The Los Angeles Times reported that Amazon.com will continue to fight against a California law passed July 1, which requires the company to collect a 7.25% sales tax. Amazon said that the law is unconstitutional, and has now announced that it will make the case against the sales tax to voters, in hopes that they will vote to overturn it. According to the Times, Amazon’s approach of appealing to the voters directly will likely be less costly and more effective than filing suit to block the law.
The new law requires all retailers with affiliates in California to collect the state sales tax, whereas before, the tax was only applied to Internet retailers that had “a significant physical presence,” the Times reported. In order to avoid collecting the tax, Amazon has cut off its affiliation with 10,000 small businesses whose websites link consumers to Amazon.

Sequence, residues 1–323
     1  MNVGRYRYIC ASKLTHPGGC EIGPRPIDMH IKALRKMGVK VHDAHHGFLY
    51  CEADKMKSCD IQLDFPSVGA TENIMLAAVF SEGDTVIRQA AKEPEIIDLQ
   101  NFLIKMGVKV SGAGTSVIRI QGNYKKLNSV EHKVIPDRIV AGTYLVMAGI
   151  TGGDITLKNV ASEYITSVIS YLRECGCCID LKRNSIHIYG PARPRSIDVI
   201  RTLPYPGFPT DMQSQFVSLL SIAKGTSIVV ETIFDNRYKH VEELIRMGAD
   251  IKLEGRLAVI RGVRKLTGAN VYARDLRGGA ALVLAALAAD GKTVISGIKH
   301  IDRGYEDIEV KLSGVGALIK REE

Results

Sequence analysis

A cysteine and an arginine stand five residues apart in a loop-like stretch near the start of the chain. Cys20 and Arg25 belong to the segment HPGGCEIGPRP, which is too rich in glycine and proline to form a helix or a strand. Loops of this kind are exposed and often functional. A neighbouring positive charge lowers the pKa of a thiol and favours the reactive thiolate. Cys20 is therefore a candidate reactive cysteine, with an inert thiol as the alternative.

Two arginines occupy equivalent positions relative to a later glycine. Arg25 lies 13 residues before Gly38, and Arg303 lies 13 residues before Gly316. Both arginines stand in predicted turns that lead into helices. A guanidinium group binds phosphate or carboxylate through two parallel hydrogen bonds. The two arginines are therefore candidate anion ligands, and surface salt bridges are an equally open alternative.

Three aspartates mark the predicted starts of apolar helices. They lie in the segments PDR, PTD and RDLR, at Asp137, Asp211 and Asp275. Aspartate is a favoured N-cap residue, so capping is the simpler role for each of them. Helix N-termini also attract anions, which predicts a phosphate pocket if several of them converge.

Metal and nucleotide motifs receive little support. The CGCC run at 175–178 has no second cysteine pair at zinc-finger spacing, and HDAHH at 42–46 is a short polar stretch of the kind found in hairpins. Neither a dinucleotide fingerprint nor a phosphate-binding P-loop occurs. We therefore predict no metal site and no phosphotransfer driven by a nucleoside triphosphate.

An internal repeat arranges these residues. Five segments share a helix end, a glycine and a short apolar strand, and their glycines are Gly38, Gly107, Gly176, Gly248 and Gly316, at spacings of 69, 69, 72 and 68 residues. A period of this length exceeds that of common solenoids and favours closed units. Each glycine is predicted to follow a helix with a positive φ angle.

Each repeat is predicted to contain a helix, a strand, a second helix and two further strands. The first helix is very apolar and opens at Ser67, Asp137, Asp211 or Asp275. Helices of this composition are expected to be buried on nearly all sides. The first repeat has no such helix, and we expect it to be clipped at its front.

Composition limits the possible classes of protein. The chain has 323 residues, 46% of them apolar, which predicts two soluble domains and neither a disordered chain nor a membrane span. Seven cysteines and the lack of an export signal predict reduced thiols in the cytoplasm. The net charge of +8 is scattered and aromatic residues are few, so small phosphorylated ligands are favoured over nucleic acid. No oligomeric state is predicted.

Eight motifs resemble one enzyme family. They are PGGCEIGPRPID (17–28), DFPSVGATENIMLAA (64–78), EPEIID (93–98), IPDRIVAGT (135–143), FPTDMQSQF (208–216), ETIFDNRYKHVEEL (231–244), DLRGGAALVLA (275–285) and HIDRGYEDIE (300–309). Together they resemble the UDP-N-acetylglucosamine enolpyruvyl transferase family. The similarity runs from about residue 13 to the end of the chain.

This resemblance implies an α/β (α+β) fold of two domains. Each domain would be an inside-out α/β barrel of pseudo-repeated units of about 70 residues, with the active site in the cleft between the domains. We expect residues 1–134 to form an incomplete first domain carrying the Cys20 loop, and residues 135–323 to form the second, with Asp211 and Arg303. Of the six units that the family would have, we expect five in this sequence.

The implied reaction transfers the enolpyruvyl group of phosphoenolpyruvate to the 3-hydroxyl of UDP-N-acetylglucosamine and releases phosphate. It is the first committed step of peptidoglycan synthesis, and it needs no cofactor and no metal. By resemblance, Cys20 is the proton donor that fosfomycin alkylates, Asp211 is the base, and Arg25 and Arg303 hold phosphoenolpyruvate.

The main opposition to Amazon’s refusal to collect the tax, the LA Times said, comes from California merchants who believe that retailers operating solely on the Internet will gain an unfair advantage by avoiding collection of the sales tax. Target, Sears, Wal-Mart and Best Buy are among the many major retailers against which Amazon would have to fight in order to continue to avoid collecting the California sales tax. Additionally, the Times said, those in favor of collecting more taxes in order to fund health, social services and welfare will also likely vote against overturning sales tax collection.
The Times quoted Kathryn Gallagher, spokeswoman of Home Depot, who said: “We believe Amazon should collect sales tax because it levels the playing ground for all retailers, small and large.”
However, the Times said, though the odds are slightly against Amazon prevailing, the company does have a large base of customers likely to vote in favor of overturning the sales tax law. The Times also quoted George Runner, a member of the California Board of Equalization, who said: “Californians are losing jobs and income as a result of the so-called Amazon tax,” and added, “It should come as no surprise that impacted California business owners would seek its repeal.”